I'm impressed yiu can see the bow and stern lights .....!! , must be a glass boat.

Dave

For the uninitiated. I've provided an illustration of the lights goboatingnow apparently has no clue exists. Don't get out much now, do you Dave?
Forward along the line at the top of the ship is a mast. It has a "range light". Toward the back of the line is a mast light. The range light is lower than the mast light, so you can tell which direction the vessel is moving in. I'll let you guess about what your alignment with these lights should be in order to avoid a collision.
:devil:

:popcorn:

Mr B 19-08-2013 06:09

Re: Keeping Watch at Night ?
 
4 Attachment(s)
Quote:

Originally Posted by goboatingnow (Post 1316519)
+1 , Thats the reality, ( except for the hammock).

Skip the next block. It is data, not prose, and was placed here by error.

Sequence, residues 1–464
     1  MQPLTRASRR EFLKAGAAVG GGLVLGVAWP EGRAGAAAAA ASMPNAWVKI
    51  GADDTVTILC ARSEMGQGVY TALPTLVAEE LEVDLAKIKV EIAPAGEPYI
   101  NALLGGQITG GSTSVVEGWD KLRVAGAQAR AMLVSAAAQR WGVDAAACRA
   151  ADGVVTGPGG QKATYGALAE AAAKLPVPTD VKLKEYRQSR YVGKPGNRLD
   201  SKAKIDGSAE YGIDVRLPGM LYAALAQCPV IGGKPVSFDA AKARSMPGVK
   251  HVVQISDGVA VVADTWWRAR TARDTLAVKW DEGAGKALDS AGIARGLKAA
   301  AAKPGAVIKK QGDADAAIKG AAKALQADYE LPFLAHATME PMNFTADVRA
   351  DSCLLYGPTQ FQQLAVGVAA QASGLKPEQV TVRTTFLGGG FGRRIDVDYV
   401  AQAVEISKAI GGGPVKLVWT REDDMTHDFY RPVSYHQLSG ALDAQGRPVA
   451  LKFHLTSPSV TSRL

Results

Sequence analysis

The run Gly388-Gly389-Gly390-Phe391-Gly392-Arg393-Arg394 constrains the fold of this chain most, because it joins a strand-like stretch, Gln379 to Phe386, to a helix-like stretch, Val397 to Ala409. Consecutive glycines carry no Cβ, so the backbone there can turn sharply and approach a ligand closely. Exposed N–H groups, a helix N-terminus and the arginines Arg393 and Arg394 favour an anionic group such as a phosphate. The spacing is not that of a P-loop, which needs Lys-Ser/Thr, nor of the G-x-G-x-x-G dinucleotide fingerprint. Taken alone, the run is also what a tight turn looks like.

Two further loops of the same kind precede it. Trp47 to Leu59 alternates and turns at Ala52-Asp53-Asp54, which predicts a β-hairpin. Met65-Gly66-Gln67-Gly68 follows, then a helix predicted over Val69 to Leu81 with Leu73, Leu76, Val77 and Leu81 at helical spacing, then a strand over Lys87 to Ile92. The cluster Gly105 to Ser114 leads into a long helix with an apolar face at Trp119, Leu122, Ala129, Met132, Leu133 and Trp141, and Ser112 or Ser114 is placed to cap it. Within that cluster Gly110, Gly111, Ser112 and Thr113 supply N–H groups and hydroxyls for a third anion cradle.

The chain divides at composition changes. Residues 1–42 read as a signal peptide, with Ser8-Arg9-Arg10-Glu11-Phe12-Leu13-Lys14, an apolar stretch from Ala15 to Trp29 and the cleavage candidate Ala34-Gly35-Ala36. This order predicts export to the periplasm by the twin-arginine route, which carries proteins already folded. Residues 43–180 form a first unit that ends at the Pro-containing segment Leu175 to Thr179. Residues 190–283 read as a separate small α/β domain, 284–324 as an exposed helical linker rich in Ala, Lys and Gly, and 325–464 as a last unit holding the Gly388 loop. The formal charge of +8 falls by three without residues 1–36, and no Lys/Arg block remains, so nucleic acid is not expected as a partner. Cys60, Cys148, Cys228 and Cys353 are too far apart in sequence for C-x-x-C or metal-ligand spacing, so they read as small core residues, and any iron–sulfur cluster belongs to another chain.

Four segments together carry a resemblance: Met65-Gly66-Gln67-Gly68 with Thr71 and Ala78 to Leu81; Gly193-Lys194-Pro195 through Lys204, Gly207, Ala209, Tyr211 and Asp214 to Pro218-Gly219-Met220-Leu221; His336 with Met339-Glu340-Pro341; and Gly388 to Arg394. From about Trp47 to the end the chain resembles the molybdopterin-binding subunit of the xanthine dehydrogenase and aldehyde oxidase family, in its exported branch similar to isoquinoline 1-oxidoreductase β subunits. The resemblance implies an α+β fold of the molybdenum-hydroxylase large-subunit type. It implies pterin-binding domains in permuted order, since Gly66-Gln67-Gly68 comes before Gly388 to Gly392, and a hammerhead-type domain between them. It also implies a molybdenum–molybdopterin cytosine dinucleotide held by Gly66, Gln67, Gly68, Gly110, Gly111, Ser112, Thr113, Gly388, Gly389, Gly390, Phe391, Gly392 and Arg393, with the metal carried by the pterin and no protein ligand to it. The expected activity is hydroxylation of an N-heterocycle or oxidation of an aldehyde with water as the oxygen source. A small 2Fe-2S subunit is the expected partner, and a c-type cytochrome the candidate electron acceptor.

dave

The Hammock is Reality, Hahahahaha

My feet sit on the top of the transom, I am actually hanging in mid air above the Drive leg, Out Behind the boat,

The Canopy folds back out of the way, I lift the back of it up so the panels have full sun,

Its exceptionally comfortable,
The Dinghy hangs under the Solar Panels on the same Davits,

Incredible as it sounds, That Hammock is the most stable platform on my boat,
It has a gentle up and down movement, None sideways,

The Wind Gen post, Was the hanging on point for Nature calls,

Only pitfall of it, A big following wave can wash you sideways out of it,

So, Harness is a must out there, Compulsory in bad weather,

Cheers,
Brian,
PS; This boat really did have all the bells and whistles, Hahahahaha,

zeehag 19-08-2013 06:13

Re: Keeping Watch at Night ?
 
Quote:

Originally Posted by monte (Post 1316393)
D&D, the white light in Zeehags post is the steaming masthead light, so from bow on its Green white red. Zee, you can;t see both red and green from astern unless someone has seriously f*&cked up their nav light instalation..
https://www.msq.qld.gov.au/~/media/ms..._lights_l.ashx